Ancient Murrelets can finally return to their island home

According to traditional knowledge, the Ancient Murrelet (SGin Xaana or night bird in the Haida language) was once abundant on Arichika Island in Haida Gwaii, British Columbia and served as an important seasonal food source for the Haida people.

However, introduced invasive rats brought to the islands in the late 1700s during the advent of maritime shipping devastated the island ecosystem and cultural heritage by eating seabird eggs and chicks.

Hope appeared for Ancient Murrelets and other native island species in 2011 when a restoration project was implemented on Arichika Island by the Haida Nation and Parks Canada in collaboration with international partners Island Conservation, National Fish and Wildlife Foundation and the Luckenbach Council, Mexico’s Conservación de Islas, Bell Laboratories, Inc., and regional partners in Canada such as Coastal Conservation, Simon Fraser University and Laskeek Bay Conservation Society. Together the partners removed invasive rats, and today we are proud to declare the island rat-free.

Signs of ecological recovery began showing up immediately following removal of invasive rats, including increased numbers of nests and increased successful chick-rearing by Black Oystercatchers, a species that acts as a sentinel for changes in coastal ecosystem health. Another native species, the Dusky Shrew has dramatically increased in numbers since invasive rats were removed. Their populations are now similar to those on rat-free islands.

“Removal of invasive species, such as rats, from islands is a permanent solution, and once completed, will allow ecosystems to recover naturally. The benefits of restoring the islands of Haida Gwaii will pay dividends for both wildlife and people that both rely on the islands for their livelihoods, and for the visitors that come to this world-class archipelago.”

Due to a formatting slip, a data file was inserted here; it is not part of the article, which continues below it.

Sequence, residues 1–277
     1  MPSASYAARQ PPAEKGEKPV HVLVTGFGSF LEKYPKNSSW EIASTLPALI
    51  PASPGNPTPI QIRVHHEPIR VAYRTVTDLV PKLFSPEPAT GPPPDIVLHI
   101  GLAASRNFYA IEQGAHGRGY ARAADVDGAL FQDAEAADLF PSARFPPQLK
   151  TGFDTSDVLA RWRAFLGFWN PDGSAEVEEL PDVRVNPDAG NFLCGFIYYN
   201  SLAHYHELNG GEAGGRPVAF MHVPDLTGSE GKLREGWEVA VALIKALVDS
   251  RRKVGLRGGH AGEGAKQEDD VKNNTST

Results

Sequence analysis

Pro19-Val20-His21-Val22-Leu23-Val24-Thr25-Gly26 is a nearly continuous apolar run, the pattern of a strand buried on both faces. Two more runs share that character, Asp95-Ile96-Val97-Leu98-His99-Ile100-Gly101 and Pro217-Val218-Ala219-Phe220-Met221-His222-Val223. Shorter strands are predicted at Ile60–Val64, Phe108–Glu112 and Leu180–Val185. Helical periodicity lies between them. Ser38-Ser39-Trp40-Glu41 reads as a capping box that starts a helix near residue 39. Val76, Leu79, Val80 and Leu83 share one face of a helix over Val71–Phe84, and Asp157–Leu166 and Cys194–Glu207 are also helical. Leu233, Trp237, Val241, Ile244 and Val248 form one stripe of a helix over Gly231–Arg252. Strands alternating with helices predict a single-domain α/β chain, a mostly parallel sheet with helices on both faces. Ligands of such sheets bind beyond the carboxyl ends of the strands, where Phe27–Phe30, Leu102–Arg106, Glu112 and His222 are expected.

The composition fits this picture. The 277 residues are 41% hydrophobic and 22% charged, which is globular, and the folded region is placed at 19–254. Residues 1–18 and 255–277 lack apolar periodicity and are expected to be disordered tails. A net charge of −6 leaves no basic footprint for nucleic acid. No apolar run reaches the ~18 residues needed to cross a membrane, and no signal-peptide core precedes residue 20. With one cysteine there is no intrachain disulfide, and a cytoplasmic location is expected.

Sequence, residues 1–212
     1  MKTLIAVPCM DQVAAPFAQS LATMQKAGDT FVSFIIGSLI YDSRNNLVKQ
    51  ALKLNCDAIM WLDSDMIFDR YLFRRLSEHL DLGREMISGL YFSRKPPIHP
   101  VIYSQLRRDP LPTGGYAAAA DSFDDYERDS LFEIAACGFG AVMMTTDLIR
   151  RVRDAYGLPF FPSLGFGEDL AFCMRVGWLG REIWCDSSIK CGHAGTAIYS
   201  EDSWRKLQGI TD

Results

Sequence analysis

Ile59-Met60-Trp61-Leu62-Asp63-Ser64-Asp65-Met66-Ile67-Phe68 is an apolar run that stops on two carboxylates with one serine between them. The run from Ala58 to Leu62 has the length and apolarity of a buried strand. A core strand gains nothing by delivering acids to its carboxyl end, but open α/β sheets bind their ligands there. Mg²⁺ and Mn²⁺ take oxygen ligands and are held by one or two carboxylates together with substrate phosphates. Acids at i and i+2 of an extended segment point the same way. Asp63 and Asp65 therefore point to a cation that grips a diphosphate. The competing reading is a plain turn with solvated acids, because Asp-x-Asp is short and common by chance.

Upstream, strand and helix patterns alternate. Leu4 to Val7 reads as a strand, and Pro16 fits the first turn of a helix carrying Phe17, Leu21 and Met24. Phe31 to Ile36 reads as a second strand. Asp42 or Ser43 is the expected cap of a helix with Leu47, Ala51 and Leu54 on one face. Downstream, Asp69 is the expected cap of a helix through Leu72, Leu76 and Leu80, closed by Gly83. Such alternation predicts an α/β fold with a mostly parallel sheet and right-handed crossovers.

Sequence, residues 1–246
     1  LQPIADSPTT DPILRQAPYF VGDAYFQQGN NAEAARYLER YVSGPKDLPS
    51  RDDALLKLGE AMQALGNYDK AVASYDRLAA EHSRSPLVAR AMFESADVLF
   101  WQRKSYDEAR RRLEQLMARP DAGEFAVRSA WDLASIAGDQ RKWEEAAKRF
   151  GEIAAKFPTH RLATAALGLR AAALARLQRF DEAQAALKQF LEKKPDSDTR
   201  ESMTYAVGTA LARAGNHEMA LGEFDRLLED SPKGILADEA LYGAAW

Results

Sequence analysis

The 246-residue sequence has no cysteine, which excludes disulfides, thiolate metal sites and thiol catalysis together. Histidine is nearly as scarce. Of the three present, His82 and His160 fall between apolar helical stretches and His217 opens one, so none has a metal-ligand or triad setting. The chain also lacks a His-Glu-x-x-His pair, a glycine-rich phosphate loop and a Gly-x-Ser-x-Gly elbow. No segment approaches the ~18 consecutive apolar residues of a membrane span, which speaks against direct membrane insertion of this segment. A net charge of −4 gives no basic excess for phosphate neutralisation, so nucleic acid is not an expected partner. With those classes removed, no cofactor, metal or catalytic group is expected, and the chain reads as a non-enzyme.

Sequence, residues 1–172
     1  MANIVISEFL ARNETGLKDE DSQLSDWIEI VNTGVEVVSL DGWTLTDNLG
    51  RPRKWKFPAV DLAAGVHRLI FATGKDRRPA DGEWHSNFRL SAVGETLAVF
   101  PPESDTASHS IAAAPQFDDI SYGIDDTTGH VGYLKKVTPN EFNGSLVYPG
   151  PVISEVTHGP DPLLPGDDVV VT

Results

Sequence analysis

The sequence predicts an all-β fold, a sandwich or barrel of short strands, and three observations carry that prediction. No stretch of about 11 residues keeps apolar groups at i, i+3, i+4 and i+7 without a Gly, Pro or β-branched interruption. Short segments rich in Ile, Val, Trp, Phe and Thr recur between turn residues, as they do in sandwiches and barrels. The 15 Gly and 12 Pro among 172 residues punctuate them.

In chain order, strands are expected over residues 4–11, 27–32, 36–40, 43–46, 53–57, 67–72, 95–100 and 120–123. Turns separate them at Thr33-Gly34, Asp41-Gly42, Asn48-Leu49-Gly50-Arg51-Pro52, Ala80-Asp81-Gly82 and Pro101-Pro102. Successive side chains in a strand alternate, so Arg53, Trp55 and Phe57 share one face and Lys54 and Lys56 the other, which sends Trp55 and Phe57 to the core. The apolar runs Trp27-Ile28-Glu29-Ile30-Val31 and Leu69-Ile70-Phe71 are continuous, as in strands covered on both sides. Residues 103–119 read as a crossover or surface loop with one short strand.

Gregg Howald, Director of the North America Region, Island Conservation.

Free from invasive rats, Arikicka now has the opportunity to recover and once again be a highly productive seabird colony and restored cultural resource. We look forward to the return of native species to their island home, particularly Ancient Murrelets.

Homepage image: Woman on rock hands up. Parks Canada, N. Alexander

About Gregg Howald

Gregg has been working in the island conservation field for more than nineteen years, and since 1999 has focused on the restoration of island ecosystems internationally. Gregg serves as Island Conservation’s Director of Global and External Affairs, and his experience and expertise are utilized for many of IC’s projects worldwide. Gregg has developed a diverse array of North American partnerships among federal government agencies, private industry, NGOs, research scientists, and local communities.

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